“Sir, this tree bears no life and these branches lack water.
It shows who you are, not a lord or a father”

With a jester’s response, you smiled and smiled
and bellowed and bellowed from a heart turned mild
“Then let thy mouth be dry and speak no more! For this is my tree and I am its lord”

White petals shriveled to chalk and fell from my hair,
To a ground far below where nothing could grow
And cries of protest rattled through the trees
While the wind sang of things Greater that These

Then that wind shooed at my halo turned ash
Swirling into black leaves with a hiss
In time for your axe to cut through the mist

[part two: The Running soon to come]

What happened?

It seems that some people-not just imaginary friends and sock monkeys-read this blog and they are wondering why I haven’t written in a while.

So for those of you who wonder, a brief explanation: work 25 hours per week between alumni and teacher’s assistant, 22 credit hours (including Greek, which is kicking my butt), church/community group, editing and writing for friends, trying to exercise regularly, personal reading, writing and meditating, etc. In addition, I made three blogs for other people and contribute to two others and now I’ve been very concerned with and making that a treasure to my classmates. So. get off my case??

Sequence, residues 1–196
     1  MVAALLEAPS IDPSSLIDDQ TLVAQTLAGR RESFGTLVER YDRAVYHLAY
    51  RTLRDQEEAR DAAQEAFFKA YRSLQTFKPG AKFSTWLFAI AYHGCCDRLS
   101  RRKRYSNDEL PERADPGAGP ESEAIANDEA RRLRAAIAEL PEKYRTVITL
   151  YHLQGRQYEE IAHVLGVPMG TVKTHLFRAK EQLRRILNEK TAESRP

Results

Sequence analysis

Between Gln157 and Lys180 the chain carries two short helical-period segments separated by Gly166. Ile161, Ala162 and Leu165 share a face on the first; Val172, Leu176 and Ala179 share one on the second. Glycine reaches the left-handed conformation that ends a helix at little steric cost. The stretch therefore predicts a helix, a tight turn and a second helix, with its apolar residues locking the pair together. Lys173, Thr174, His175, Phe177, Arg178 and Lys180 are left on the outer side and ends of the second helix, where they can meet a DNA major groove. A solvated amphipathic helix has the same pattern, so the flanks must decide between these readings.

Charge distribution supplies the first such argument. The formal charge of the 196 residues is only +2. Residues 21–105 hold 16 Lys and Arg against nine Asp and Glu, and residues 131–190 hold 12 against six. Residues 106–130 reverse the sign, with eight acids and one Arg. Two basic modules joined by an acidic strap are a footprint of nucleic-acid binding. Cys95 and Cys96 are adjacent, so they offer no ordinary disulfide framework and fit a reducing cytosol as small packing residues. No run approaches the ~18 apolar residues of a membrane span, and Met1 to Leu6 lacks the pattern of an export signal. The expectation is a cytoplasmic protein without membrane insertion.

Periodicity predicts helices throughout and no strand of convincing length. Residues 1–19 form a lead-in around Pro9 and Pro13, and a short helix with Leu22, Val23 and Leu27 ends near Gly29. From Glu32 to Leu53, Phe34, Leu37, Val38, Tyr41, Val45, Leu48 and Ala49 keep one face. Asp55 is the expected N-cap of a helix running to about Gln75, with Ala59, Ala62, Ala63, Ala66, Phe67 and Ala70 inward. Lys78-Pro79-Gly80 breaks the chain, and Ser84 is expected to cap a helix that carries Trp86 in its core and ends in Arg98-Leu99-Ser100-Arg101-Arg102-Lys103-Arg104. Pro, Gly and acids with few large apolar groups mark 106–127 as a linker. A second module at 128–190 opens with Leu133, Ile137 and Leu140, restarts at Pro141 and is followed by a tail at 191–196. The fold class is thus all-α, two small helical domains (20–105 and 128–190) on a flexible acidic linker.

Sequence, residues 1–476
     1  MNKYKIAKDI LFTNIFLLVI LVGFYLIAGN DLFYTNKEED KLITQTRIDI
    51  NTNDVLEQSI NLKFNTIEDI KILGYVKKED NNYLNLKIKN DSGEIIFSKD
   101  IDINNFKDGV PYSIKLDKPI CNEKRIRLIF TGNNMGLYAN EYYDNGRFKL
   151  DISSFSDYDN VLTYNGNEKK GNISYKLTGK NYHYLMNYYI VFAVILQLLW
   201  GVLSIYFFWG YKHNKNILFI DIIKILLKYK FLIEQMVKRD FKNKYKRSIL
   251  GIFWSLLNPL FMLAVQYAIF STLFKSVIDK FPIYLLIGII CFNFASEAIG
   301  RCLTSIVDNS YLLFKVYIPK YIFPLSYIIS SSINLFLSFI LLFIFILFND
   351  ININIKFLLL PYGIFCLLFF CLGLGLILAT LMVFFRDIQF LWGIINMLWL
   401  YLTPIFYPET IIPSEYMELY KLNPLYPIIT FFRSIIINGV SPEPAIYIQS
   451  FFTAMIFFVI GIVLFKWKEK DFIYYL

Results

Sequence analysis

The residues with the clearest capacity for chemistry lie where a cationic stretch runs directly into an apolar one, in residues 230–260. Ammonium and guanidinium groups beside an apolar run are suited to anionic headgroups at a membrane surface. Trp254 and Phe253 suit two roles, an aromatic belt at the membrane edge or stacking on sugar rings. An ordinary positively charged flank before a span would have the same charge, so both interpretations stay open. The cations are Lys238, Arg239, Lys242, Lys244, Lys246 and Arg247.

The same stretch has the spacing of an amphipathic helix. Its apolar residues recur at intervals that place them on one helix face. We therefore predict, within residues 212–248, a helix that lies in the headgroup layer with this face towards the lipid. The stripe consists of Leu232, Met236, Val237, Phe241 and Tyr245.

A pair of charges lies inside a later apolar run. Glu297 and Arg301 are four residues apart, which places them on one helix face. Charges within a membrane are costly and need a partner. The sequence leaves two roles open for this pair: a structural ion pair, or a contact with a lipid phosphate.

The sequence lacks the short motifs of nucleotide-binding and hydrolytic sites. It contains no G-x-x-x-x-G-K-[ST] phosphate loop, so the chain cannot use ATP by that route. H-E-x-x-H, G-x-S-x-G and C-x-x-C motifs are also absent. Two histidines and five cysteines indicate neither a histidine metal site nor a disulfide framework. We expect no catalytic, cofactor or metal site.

I promise I will write to you soon. Three of my poems are almost ready for other eyes and I (this is embarrassing) have 15 unpublished drafts that will definitely need to see the light of your screen in the near future. Is that agreeable?

In the meantime, what do you think of my site? Is it Alexis-ish enough, but still somewhat understandable to the ‘normal’ population? Suggestions are welcome. = )

peace to you, loves.

V is for visceral

yay OhioAt thirteen years old, I was stopped by my own breath. To see it leave my lips and spread forward into the air was fascinating to me. I tuned out the winter war and stood still by the silo, filling my lungs with cold air and watching it twirl outward, suspended in front of the frozen cornfield just beyond our snow fort. A wad of snow and ice whistled past my head…Scrunching my lips together, I snorted air out of my nose, feeling the warmth smooth down my chin and seep between the folds of my scarf. Shaping my mouth into a rounded tunnel, I pushed more air out, trying to manipulate the shape and direction of my breath. I moved my head from side to side in quick motions, watching the stream stop in tiny clouds in front of me. Then, I waved my face around in circles, watching the waves slide and shift and…”Alexis, what are you even doing? The boys stole our snowballs! We need more ammo!” Right…